The gift gourd amazed us with its girth. For the trip home, we placed it gently on the backseat of the car, just refraining from strapping it in with a seat belt. Passing through town we were stopped at a main intersection by a contingent of the hard-working R.I.D.E. police. While one officer asked us the usual questions concerning the evening’s libations, the other circled our car, shining his flashlight through the windows. On completing the full circle, the second officer popped his head in on the driver’s side and remarked in a serious tone, “Big gourds are allowed.”

Ha. And so this moment of notoriety made our Gourd all the more loveable to me. I had to get his portrait posed on our sideboard, as you can see in the photo above. I doubt that this particular Blue Squash Gourd is going to be made into soup. He is too entertaining visually to be offered up to such a mundane purpose.

••••••

On the topic of big edible things, look at this.

LargePumpkins

This is a picture that appeared in an old book of my mother’s: “Those Years From Rail to Oil”. This thick tome was published in 1981 by people from my mother’s home town to set down the history of their part of Alberta.

Now my credibility is stretched. I find it difficult to believe pumpkins ever got that big. What do you think? This book was printed long before everyone was into fancy Photoshop manipulation. And it seems unlikely that the Hardisty Senior Citizens group who pulled the whole book together would put in a fake photograph. Still and all, look at those babies on the back of that wagon! Can you believe that?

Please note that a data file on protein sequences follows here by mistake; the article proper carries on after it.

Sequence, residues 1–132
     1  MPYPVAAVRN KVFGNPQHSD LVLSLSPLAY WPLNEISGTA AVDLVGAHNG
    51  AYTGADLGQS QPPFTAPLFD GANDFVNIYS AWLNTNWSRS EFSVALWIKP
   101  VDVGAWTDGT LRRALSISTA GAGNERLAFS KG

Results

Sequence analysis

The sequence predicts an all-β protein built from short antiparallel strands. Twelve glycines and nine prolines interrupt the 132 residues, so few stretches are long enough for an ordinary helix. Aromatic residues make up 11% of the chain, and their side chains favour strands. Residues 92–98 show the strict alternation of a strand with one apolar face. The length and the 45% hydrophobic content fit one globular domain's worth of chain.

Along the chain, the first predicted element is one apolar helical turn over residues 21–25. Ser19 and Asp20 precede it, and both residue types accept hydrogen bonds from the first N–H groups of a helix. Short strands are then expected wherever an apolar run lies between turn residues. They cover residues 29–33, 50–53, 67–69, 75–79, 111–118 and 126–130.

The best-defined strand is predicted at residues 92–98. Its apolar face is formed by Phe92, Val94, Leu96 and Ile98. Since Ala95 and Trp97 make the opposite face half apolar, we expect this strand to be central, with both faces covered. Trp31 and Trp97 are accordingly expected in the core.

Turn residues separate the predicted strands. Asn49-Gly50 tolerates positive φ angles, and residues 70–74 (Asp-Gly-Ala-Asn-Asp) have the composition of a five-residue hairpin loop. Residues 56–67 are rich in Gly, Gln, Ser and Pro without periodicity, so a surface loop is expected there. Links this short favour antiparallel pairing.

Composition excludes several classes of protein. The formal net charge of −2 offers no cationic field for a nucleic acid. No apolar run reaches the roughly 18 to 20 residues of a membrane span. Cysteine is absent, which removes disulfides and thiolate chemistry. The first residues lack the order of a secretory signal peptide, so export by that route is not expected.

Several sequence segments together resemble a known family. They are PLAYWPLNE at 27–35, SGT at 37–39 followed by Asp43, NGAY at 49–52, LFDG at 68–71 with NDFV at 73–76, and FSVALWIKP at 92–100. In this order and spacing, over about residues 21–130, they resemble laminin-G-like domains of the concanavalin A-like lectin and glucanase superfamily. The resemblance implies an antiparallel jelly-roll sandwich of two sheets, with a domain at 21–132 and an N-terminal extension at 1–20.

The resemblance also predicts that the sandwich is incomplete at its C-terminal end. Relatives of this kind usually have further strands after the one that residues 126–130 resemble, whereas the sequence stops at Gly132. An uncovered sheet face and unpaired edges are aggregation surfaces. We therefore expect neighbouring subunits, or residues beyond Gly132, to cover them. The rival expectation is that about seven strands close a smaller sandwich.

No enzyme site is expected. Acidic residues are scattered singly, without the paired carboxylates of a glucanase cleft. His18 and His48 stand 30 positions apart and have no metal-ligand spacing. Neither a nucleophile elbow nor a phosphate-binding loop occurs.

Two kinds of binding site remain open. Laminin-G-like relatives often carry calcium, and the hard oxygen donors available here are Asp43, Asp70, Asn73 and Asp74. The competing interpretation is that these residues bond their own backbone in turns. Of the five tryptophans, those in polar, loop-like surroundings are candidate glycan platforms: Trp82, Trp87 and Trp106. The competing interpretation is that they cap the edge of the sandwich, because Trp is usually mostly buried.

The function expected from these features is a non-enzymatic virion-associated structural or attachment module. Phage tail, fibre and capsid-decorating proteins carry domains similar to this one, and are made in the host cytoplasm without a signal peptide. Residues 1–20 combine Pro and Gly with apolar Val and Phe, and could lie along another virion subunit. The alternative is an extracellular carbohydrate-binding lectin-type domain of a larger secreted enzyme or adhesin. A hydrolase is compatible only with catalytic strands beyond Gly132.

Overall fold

••••••

Staying with the Edible theme, my own art for this week is a very modest entry. Nice little green limes studded with cloves and topped with bay leaves. Cheers to you all. Enjoy your holiday festivities this week.

NiceLimes

Fine Ferns

December 11th, 2009

Wow, it is Friday again already. We are off shortly to join our local version of the 350 Vigil in support of progress on climate change in Copenhagen. Many of you, my friends, will be doing the same right now, as well as thousands of people all over the world. That’s nice to think of.

FernMasthead

When I designed the masthead for this Journal, I decided to make a new one for my recently-updated website  – to match. That’s it above. I picked ferns for the visual, because they are all around me up north here. And because I admire them.

Designers have to love ferns. They’re so darn symmetrical.

This week’s Visual is this simple fern collage.

FernImages

The photo of the wonderful field of ferns above could have been taken on our property but I will be honest and tell you I took it in beautiful Cape Breton.

••••••

I recently put the fern to work on a design to be printed on a recyclable leaf bag (the sort that city people collect leaves in and put out for pick up for composting). It was to be sold in fundraising for Nature Conservancy Canada, a group dedicated to preserving wilderness. Here it is.

Illustration, Nature Conservancy of Canada

Illustration, Nature Conservancy of Canada

I would like to have a nice leaf bag like this. But I would not like to have to pick up all the fallen leaves on our land. Good thing they return to nature on their own.

Dear Powers-that-be-in-Copenhagen: Remember the ferns too please.

See you next week.

Snowy Days and the Snow Queen

December 3rd, 2009

SnowQueen1